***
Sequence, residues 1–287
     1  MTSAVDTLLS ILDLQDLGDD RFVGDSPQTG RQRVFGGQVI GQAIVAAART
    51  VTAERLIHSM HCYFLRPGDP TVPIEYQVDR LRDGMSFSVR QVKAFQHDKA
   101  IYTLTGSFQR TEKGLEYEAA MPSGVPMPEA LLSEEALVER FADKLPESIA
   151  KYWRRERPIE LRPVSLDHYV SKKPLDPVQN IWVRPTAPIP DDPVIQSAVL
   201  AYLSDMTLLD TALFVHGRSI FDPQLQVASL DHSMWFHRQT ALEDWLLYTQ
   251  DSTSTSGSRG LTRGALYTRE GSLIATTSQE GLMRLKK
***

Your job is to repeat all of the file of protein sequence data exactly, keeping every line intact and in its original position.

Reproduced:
Sequence, residues 1–287
     1  MTSAVDTLLS ILDLQDLGDD RFVGDSPQTG RQRVFGGQVI GQAIVAAART
    51  VTAERLIHSM HCYFLRPGDP TVPIEYQVDR LRDGMSFSVR QVKAFQHDKA
   101  IYTLTGSFQR TEKGLEYEAA MPSGVPMPEA LLSEEALVER FADKLPESIA
   151  KYWRRERPIE LRPVSLDHYV SKKPLDPVQN IWVRPTAPIP DDPVIQSAVL
   201  AYLSDMTLLD TALFVHGRSI FDPQLQVASL DHSMWFHRQT ALEDWLLYTQ
   251  DSTSTSGSRG LTRGALYTRE GSLIATTSQE GLMRLKK